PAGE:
Primary Care Interventions for Obesity: Review of the Evidence.


Department of Psychiatry, Center for Weight and Eating Disorders, Perelman School of Medicine at the University of Pennsylvania, 3535 Market Street, Suite 3025, Philadelphia, PA, 19104, USA. [Email]


OBJECTIVE : This review describes the results of randomized controlled trials that have evaluated the efficacy of behavioral interventions for obesity in primary care settings.
RESULTS : Most studies have found that high-intensity behavioral counseling (providing 12 or more sessions per year, as defined by the US Preventative Services Task Force), when delivered in-person, by phone, or electronically, produced clinically meaningful weight loss (4 to 7 kg). Low- to moderate-intensity behavioral counseling and counseling that did not include behavioral strategies (e.g., motivational interviewing) produced modest losses of 1 to 2 kg. The addition of weight loss medication increased mean losses relative to behavioral treatment alone. Consistent with national guidelines, the largest weight losses were achieved with high-intensity counseling, either alone or in combination with obesity pharmacotherapy. Primary care providers can support their patients by inviting them to discuss their weight concerns and referring interested individuals to appropriate interventions.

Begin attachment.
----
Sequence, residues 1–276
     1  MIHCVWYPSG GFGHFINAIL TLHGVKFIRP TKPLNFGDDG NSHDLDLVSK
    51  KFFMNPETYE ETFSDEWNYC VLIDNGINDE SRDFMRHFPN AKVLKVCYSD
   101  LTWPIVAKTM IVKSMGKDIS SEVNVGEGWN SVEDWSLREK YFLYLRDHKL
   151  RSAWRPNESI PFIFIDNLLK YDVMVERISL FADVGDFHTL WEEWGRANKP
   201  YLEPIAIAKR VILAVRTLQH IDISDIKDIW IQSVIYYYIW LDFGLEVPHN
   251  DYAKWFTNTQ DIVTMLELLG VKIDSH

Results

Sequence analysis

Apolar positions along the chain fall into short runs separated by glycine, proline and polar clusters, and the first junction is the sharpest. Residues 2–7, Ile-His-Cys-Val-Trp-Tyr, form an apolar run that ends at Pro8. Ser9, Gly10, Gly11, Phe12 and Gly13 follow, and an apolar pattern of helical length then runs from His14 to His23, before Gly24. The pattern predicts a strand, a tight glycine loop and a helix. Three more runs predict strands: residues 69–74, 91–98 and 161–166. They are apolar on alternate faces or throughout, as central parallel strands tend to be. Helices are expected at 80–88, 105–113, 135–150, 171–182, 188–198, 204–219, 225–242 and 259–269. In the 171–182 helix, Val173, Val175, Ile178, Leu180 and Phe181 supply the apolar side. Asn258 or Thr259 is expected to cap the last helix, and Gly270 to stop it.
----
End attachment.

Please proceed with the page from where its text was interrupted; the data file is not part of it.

Interventions,Lifestyle modification,Obesity,Primary care,Weight management,

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